Please let me know if I can make anything clearer for you.
I love that you are reading my posts and I have to tell you, it is so awesome to see my stats get better and better every week!  Thank you so much for becoming a follower and telling others about Ricochet and Away!  You all rock!

Happy Crafting and big hugs from Montana!

Be sure to check out the Retro Pillow Challenge!
It starts in September so you still have time to join in!

Crastal at Homemaker in Heels featured this post.  Thanks Crystal! 
Check out her sweet and sassy blog:
Homemaker In Heels

This tute caught the eye of Craft Gossip too!  My fave craft site!

As seen on CraftGossip.com

This is where I party:


  1. Love your way of making it. I sometime do curtain or dresses like it. I just know the different of 1 row, 2 rows or even 4 rows. Thanks for the detail tutorial.

  2. Every time I stop here I think, "Why didn't I learn how to sew?" :)

  3. I have just got to try this! I am not a ruffly sort of girl, but these look amazing! And your tutorial was great! Thanks. I am a new follower :)

  4. cool! I'm going to re-read your post more carefully now. I don't know why, but I really hate cutting bias strips! Maybe it's because it wastes fabric, maybe it's because you need to lay out the fabric nice and square and mark and cut... I don't know! Have you tried using non-bias strips and serging the edges? My overlock machine (serger) has a special thin serging option... You can use it to finish the hem of thin fabrics like chiffon, or to finish jersey for a squiggly effect. I guess I could try it. I don't know why I am a lazy bias-cutter and gatherer, though!!

  5. WHO KNEW! Love ruffles! Thanks for sharing that awesome tip and thank you for linking to Wicked Awesome Wednesday!

  6. Thank you for referencing my bias ruffle post. We love it. I hadn't considered the double idea. For those who can't make peace with the seam that shows, they could hide the edges by using a french seam of sorts. Also, you may find our gathering tutorial useful. You can find it here: http://squigglytwigs.blogspot.com/2009/12/new-tute-ruffling-without-pulling.html

  7. Great post and thank you for including me. I gave you a shout in a post today and grabbed your button.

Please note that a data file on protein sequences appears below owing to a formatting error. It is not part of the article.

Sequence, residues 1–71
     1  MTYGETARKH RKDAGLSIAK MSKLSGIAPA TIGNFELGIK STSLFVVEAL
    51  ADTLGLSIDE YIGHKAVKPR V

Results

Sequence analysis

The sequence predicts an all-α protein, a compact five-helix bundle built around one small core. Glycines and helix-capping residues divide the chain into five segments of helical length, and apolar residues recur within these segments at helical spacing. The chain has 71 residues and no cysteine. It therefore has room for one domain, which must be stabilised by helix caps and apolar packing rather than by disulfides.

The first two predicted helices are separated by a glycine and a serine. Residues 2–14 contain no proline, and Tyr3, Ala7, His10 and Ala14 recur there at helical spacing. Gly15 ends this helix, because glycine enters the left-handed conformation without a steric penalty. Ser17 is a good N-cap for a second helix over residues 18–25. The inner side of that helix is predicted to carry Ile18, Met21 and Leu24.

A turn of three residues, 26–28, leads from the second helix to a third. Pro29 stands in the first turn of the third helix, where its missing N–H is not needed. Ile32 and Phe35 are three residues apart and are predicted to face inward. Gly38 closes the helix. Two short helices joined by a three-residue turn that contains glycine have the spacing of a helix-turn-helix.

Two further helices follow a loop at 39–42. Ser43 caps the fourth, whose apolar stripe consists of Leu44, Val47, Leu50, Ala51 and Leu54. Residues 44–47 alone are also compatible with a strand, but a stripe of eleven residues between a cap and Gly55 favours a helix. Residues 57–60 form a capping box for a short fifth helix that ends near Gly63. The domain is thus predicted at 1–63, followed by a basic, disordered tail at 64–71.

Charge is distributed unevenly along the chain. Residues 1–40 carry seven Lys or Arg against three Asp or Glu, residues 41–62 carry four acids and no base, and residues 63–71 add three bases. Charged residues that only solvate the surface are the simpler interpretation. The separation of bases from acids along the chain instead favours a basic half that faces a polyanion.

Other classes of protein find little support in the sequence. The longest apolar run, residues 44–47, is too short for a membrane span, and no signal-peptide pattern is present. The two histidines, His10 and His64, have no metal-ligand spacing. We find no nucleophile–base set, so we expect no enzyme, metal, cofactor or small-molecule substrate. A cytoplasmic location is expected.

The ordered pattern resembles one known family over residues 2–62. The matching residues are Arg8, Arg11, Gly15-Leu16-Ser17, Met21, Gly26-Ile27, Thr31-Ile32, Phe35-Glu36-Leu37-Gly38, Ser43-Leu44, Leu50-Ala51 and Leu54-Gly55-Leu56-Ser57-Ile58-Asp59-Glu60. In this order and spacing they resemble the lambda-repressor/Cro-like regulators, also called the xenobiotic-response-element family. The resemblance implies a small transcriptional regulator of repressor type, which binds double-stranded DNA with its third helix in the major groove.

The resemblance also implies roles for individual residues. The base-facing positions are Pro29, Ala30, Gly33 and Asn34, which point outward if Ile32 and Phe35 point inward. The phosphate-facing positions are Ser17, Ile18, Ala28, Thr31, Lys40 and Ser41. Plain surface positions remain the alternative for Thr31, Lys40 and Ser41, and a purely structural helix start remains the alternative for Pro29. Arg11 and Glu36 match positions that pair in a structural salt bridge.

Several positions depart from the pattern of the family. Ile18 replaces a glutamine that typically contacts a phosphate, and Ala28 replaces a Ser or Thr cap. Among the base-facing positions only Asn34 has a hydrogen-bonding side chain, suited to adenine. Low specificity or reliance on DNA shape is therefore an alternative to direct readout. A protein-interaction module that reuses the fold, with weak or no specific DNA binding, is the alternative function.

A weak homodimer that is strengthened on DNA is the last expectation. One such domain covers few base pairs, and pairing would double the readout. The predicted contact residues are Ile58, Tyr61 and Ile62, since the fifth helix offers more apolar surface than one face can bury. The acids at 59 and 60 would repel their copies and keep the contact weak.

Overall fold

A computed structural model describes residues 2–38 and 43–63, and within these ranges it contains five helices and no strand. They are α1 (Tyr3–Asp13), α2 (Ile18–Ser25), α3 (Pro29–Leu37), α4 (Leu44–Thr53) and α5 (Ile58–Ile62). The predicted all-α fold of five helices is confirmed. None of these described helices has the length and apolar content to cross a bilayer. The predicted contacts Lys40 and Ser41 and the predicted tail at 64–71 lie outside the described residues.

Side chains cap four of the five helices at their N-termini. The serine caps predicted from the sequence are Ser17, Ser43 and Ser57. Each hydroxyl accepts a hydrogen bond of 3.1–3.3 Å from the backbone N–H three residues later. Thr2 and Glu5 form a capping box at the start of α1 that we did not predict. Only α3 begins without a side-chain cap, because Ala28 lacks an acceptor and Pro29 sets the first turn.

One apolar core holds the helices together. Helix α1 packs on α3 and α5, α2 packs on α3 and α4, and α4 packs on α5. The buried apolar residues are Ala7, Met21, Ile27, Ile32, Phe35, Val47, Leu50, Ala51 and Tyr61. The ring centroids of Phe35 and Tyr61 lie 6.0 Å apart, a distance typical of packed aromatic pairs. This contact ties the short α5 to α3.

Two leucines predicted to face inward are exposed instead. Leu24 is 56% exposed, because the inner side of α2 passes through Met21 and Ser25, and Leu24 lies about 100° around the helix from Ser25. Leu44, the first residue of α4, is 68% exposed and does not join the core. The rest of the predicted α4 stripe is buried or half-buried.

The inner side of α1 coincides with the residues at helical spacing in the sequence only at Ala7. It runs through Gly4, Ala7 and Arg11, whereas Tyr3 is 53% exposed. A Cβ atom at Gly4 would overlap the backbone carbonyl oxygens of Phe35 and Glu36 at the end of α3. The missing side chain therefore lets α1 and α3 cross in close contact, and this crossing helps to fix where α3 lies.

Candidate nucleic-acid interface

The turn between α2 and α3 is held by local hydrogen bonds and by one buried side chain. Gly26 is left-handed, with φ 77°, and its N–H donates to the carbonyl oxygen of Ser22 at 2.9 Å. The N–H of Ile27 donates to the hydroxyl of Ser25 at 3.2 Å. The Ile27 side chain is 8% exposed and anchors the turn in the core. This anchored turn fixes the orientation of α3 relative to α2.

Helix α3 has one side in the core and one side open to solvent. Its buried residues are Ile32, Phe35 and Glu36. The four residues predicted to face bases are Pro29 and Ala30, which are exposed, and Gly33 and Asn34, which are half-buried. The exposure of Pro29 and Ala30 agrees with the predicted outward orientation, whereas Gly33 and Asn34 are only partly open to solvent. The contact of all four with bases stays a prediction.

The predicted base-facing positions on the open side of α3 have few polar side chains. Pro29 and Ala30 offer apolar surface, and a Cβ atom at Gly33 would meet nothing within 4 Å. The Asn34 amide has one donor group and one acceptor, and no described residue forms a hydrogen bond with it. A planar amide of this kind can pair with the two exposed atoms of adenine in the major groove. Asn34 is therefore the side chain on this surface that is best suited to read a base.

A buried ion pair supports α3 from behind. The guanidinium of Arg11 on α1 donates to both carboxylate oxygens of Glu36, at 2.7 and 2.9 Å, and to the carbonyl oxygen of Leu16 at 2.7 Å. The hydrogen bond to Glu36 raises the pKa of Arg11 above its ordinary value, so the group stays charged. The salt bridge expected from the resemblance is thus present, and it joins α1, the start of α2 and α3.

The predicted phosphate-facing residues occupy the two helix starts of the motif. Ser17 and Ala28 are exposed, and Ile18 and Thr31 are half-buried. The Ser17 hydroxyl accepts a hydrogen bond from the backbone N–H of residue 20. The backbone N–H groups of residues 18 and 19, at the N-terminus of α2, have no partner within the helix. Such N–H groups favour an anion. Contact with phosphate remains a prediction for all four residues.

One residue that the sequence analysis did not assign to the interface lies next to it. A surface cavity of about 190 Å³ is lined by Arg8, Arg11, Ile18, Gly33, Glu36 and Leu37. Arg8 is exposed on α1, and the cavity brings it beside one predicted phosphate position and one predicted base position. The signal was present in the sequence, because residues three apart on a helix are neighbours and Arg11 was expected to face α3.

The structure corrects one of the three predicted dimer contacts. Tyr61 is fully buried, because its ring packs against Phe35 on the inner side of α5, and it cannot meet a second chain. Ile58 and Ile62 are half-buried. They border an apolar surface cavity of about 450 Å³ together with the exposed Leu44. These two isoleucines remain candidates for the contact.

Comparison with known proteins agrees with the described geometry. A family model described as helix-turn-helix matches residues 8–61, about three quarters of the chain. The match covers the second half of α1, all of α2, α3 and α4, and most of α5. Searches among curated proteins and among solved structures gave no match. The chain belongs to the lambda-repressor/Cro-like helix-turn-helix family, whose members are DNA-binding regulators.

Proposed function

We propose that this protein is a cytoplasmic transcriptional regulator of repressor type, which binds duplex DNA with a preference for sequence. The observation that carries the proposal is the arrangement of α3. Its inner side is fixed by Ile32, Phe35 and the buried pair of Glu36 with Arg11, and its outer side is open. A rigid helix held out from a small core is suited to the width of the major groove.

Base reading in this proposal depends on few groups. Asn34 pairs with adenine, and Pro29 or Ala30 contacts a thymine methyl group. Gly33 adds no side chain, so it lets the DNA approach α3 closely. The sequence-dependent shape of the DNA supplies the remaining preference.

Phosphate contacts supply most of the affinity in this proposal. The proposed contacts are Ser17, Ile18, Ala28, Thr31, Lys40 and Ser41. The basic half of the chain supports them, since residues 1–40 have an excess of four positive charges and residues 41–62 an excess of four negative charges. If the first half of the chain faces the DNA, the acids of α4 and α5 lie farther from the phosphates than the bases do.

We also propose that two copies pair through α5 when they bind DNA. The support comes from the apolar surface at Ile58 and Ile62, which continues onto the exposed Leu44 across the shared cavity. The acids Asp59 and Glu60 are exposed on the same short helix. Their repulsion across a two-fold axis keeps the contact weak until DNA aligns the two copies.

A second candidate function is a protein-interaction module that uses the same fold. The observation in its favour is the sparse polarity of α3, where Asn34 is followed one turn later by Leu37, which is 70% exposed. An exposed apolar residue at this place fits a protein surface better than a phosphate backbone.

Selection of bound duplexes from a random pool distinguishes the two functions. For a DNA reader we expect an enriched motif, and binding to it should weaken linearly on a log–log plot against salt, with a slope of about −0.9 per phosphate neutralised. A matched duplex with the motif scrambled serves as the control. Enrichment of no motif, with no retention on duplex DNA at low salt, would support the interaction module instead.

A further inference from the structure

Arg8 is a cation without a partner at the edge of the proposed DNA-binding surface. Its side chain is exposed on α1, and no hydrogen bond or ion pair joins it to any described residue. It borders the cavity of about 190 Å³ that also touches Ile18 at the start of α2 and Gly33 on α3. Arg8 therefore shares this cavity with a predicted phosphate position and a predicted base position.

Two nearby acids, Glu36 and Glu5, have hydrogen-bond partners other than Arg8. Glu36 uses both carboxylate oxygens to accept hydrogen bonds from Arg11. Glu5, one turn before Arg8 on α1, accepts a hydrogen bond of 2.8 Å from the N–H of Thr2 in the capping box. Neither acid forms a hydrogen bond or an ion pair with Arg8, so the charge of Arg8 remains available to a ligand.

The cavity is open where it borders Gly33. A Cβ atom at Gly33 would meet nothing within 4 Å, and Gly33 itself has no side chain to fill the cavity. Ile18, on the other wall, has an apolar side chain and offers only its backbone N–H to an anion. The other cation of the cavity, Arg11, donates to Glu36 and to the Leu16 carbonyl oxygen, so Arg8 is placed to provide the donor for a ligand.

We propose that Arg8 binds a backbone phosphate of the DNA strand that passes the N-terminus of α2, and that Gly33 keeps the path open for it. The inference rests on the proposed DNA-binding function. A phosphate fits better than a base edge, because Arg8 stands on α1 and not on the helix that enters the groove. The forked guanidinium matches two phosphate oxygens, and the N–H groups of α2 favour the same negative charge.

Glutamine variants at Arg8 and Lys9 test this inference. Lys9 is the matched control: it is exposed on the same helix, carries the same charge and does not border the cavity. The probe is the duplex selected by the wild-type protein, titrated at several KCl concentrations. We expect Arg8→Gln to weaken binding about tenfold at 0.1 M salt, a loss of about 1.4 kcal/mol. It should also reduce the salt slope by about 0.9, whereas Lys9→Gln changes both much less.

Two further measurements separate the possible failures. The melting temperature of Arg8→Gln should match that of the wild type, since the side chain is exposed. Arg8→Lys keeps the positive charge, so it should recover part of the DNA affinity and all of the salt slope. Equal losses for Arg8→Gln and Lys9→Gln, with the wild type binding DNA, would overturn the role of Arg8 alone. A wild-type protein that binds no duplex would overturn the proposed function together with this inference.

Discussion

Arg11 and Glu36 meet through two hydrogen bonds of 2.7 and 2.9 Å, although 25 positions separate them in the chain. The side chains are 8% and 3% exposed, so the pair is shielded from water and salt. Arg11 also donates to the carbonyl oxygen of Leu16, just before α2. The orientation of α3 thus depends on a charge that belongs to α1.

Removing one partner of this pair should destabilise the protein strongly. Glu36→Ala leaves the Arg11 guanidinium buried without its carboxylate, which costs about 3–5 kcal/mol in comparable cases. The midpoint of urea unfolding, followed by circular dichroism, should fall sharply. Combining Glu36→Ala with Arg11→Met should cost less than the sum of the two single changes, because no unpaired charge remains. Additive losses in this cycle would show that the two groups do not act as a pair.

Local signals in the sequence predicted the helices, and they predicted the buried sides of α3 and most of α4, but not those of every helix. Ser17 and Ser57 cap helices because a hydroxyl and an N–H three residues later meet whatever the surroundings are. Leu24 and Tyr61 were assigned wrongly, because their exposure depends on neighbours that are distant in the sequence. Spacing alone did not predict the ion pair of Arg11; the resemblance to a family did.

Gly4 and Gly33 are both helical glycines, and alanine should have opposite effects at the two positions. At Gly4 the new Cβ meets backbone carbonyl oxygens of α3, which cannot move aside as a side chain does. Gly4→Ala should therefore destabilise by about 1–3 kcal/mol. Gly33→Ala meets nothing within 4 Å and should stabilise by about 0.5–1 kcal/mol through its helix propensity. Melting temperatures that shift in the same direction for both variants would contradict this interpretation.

8. What a nice response! Thanks for checking out my ruffle post!
    @Keren, I don't have a serger. I've had some success using a regular zig-zag on the edges of knits for that ruffly effect. I agree, cutting bias strips can be pain and wasteful of fabric. But what if you were cutting up an old sheet? Or a painter's drop cloth? This technique is best for lots of crazzy layers off cascading ruffles.
    @Debbie, your no-pull ruffling technique is def. worth trying! I've tried to connect my strips with french seams, but the stiffness of those seams makes the ruffle stick straight out and become even more of an eyesore. But that's most likely just something I need to make peace with! Perhaps with wider bias strips, the weight of the ruffles would press down the devient french seams.

    Thanks for all the nice comments!

  9. Love ruffles! Great Tutorial, We would love for you to share this at our link party, Crafty Lassie Tuesday. It ends tonight at 5pm.
    We are having a giveaway! Hope to see you there :)
    Heather & Rose

  10. This is such a cute purse! I love it. I am pinning this. I want to make one for myself.

  11. I'm impressed with your ruffling! Mine would look nothing like that if I tried...maybe some day! (I found you over at Tip Junkie, btw)

  12. The purse is adorable and the tips were helpful, thanks!!

  13. I adore ruffles! And your purse did not disappoint! Love the color as well! Thanks for sharing!

    I have a link party going on now, called Show & Share. I'd love to have you link this up!


  14. adorable! love the big ruffles with the bright orange, so playful. Thanks for your sweet comment on my wristlet! :)

  15. Oh thank you, thank you for all the info! I am getting ready to do a ruffle pillow and didn't know where to start. New follower :)

  16. I am in LOVE! Not only do I love ruffles, but orange is my fav color! Girl, you need to sell these things if you aren't already!!


  17. Oh I LOVE ruffles! Your purse turned out fabulous!!! :)

  18. Great Tut!! I will have to try this way. I love ruffles and my girls do too. So this will come is handy!!

  19. This is a GREAT post!
    I adore ruffles and you have some great tips and tutorials there!

  20. Oh, I love ruffles, too! Thanks for the great tutorial! I can't wait to try this! ♥

  21. Thank you for your lovely comment on my blog. Honestly, those words made my day. I'll be following your notes. (and your blog) P.S. Great post!

  22. Your blog is super cute! Thanks for visiting and following me; excited to follow you back.

    You have made me want to ruffle something, but my sewing machine and I are usually not friends. I always hesitate to get him out...and yes, him, anything so contrary is a him. ;)